Berkshire Hathaway Home Services Florida Network Realty - Jacksonville Beach, FL
Global Realtor in Jax Beach, FL - ABR, CRS, CIPS
I agree - there should be higher standards, it would help weed out the part-timers, and the people who only hang onto their licenses to do friends and family deals a few times a year.
Jan 21, 2008 10:40 PM
George Bone
Prudential Woodmont Realty - Brentwood, TN
ABR, GRI, e-PRO
Mary-I agree with you on your minimum education requirement.  At the same time, if education requirements were appropriately raised there would probably need to be some type of "grandfather clause" for Realtors who have successfully made this their full time profession for many years.  Perhaps some type of competency exam could be required or certain designations could be required.
Jan 21, 2008 10:45 PM
George Bone
Prudential Woodmont Realty - Brentwood, TN
ABR, GRI, e-PRO
Debe-I believe many Realtors and non Realtors would be surprised about the education requirements in their states when compared to other professions.  If the NAR was serious about improving the reputation and credibility of Realtors they should make appropriate changes in the requirements.  Just running a national ad campaign about Realtors and their COE just doesn't get it.
Jan 21, 2008 11:06 PM
George Bone
Prudential Woodmont Realty - Brentwood, TN
ABR, GRI, e-PRO
Carol-Thanks for your comments.  The NAR is in a great position to enhance the reputation and credibility of the profession.  However, until a sufficient number of Realtors express their concern about this I would suspect that not much will be done except to continue the national ad campaign regarding Realtors and the COE.
Jan 22, 2008 07:04 AM
ActiveRain City and State Listing Group
Christiansted, VI

George,

This is a great post because it takes a certain amount of pride in our business to speak up with facts to back your opinion up.

Debe, above has written a post or two that hits close to home on this subject.

Here is the bottom line.

NAR and our State REALTOR Associations are all about numbers. The higher the numbers, the more revenue is generated.

Until we, as current members, step up to the plate and make our points to our current "leaders", we will not have any higher standards than we insist on from this gallery.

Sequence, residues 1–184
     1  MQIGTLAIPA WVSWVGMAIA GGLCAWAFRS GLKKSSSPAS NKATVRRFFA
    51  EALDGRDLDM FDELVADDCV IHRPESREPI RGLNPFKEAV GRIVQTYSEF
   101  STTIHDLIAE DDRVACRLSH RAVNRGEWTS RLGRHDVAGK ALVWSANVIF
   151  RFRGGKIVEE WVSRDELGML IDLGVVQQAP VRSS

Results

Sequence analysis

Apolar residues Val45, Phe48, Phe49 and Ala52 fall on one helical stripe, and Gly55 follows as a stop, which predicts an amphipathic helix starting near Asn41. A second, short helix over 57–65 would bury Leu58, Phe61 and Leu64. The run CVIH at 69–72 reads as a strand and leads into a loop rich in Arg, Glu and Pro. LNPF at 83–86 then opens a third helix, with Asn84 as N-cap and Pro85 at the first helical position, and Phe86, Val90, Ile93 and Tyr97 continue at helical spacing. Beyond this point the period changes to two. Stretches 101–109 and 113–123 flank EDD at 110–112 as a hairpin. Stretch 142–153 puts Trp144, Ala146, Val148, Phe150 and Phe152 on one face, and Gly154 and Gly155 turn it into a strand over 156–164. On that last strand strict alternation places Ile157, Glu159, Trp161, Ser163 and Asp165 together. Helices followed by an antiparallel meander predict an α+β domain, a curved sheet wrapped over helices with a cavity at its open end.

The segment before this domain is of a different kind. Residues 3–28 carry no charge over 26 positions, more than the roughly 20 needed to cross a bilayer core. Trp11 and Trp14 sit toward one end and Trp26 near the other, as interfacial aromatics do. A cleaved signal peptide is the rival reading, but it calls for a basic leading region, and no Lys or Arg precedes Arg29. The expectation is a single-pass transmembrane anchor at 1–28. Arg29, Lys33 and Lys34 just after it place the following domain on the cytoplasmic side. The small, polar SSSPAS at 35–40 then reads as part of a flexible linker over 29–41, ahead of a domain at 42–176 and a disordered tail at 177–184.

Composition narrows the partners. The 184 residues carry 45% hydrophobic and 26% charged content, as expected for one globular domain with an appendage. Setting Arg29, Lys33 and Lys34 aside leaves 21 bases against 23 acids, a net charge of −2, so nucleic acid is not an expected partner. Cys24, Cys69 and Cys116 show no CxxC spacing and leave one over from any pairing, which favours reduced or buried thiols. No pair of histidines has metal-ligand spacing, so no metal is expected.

The place to start our revolution is not NAR, but our Real Estate Commissions. They set the licensing rules along with our State legislatures. Get to your State congress people and make your point.

George, you or someone, needs to send your post to NAR Legal Dept. along with all the comments you generate, which I hope will be a lot.

This belief of yours goes along with the highly debated discussion of "part-time vs. full-time" agents. It is a bad practice to encourage any Profession to welcome with open arms, under-educated part-time participants with the lax licensing laws we all currently have.

Now, if you could only get each one of us to follow-up with our statements and make an important contact in our government, we'll see some progress. My bet is it will be the same years from now without some sort of powerful drive from those of us that make real estate a CAREER.

You've raised the bar just by talking about it.

Jan 22, 2008 09:29 AM
George Bone
Prudential Woodmont Realty - Brentwood, TN
ABR, GRI, e-PRO

Don-I appreciate your comments and agree with what you are saying.  I realize we have got to take this issue to the State Legislatures.  At the same time I believe there is an opportunity for the NAR to distinguish itself, which may not be a bad idea with all of the heat it has been taking lately.  I believe that Realtors should not only be held to a higher standard than non Realtor agents, but also should have a higher bar for entrance to the Realtor profession than a real estate agent that is not a member of the NAR.  I believe that the NAR could act more quickly than all of the State Legislatures in raising the bar, and they don't have to wait on the States to make the necessary changes.  I believe that to become a Realtor who is competent, educated, ethical, has credibility, and is in a profession that is looked up to that the NAR should have stringent requirements over and above State licensure in order to be certified as a Realtor.  I suggested some possible requirements in my original post.

I would like to hear from anyone who agrees with this and might be interested in pursuing this.

Jan 22, 2008 10:38 AM